January 19, 2012

The Snow Child

by Eowyn Ivey
ages: adult
First sentence: "Mabel had known there would be silence."
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Review copy provided by publisher through my place of employment.
Release date: February 1, 2012

I have sat down several times since I finished this quiet and lovely book last week, trying to figure out what to say about it, coming up short every time. I'm not sure I have the words in me to write this, but I'm going to try.

It's the Alaskan frontier in 1920, and Mabel and Jack -- an older, childless couple, from "Back East" in Pennsylvania -- are giving the whole frontier experience a try. They've been at it for a couple of years, and it's not going well: Jack can't seem to make the land work for him, and Mabel is becoming desperately helpless in the face of the cold, the dark, and the silence. Then, in the first snowfall of the year, a bit of whimsey overtakes them, and they build a snow child. It doesn't seem like much, but the next morning, the snow child is gone, and in its place is a little girl, half-wild and almost unwilling to be tamed.

Mabel and Jack take to the girl -- who may or may not be a fairy child; in many ways that question is irrelevant to purpose the book. For whatever the jacket copy may say, this is not a fantasy --  whose name is Faina, and slowly adopt her into their family, even though she never lives with them. Even though she disappears each spring, returning with each snowfall. By knowing Faina -- and for us, by following hers, and Mabel's and Jack's stories -- Mabel and Jack come to know and appreciate and love the wildness of Alaska, with all its joys and pains.

In many ways this is two books in one: yes, it's a story about a childless couple coming to terms with both the hardship of a new life (which they chose), but also the hardship of the loss of their only child as an infant. But, perhaps more importantly, it's a love story to the wilderness; from the breathtaking descriptions of the snow-covered landscape, to the brutal way in which the animals are hunted for food, Ivey captures life in the Alaskan outback with meticulous detail. I almost wanted to go see it for myself.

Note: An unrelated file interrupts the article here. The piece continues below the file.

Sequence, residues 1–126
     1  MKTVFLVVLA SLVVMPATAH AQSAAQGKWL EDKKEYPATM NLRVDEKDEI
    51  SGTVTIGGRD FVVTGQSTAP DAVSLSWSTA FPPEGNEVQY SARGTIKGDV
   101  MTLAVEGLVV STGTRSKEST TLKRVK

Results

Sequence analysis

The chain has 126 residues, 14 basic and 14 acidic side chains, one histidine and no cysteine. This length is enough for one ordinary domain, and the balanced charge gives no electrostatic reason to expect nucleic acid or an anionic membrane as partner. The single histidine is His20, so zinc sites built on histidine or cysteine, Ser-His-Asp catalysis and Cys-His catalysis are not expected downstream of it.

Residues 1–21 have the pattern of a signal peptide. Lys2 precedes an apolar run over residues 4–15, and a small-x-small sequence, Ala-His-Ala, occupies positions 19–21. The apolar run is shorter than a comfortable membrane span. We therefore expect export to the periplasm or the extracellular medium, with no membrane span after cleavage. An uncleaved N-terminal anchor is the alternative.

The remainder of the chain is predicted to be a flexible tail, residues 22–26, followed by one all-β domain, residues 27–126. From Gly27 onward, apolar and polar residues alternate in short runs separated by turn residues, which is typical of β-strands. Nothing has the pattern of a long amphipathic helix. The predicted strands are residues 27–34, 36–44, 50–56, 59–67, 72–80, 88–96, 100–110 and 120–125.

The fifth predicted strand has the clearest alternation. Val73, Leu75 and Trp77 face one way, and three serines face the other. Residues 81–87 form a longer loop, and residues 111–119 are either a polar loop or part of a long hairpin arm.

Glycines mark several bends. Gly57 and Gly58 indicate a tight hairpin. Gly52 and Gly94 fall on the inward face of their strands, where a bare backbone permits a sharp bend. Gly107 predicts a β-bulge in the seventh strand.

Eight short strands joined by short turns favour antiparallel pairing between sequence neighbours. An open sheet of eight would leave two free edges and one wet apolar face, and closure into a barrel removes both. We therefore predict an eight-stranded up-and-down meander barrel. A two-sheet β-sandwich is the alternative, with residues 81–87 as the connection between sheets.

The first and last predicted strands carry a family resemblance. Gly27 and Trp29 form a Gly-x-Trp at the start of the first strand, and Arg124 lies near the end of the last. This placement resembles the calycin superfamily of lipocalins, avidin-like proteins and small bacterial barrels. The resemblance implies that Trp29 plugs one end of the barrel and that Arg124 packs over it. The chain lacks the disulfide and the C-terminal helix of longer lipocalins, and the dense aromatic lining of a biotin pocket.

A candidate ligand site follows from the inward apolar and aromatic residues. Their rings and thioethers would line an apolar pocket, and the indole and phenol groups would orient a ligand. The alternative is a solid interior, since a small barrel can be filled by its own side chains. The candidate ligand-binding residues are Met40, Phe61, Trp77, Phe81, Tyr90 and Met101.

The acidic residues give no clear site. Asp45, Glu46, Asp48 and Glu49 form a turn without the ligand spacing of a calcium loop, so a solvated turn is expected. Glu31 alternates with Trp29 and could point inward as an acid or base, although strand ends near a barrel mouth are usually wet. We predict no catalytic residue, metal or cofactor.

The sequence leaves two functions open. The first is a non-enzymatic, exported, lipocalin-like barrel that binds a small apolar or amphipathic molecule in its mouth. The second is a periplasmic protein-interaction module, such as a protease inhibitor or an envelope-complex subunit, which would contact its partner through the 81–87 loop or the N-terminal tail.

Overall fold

It was a soft and poetic book, something substantial enough to curl up with and enjoy on a cold winter's night and yet magical enough to provide an escape from everyday life.

10 comments:

Amanda said...

I saw this come through my library's system awhile back and I hadnt' seen any reviews of it at the time, but it sounded so interesting that I put it on hold. That was early December. The book is still on order, but hopefully I will be able to read it in the next month or so! I'm very much looking forward to it, especially after I've started ot see some really good reviews pop up.

Annette said...

Interesting review. I've not seen this one, but it sounds good. Thanks!

Charlotte said...

I'm awfully curious--why do you say it isn't fantasy? Is it the doubt about whether she is a fairy child or not?

Either way, it sounds like a good one!

Tracy Edward Wymer said...

I like a good wilderness story with heart. Soft and poetic, I'm sold. Thanks for the reviews here!

Lisa Song said...

This sounds amazing...there's been such a lack of winter weather in the northeast that I'm itching to experience snow in literary form. Looks like I just found it.

MsCFaith said...

I'm guessing they were both having hallucinations that Faina is a real child which came from the snow child they made out of the stress of wanting a child, especially Mabel.

Correct me if I'm wrong. This is quite interesting, though.

Mrs. Silverstein said...

I love the idea of this--I know the folktale this is based on, so I'm really intrigued by how it might be expanded into a story for adults!

Sally said...

Sounds like a lovely book, something to curl up with on a rainy day

Russ Cox said...

Just the cover alone makes me want to look for this book!

Kailana said...

I have this book pre-ordered... Now if it would just arrive!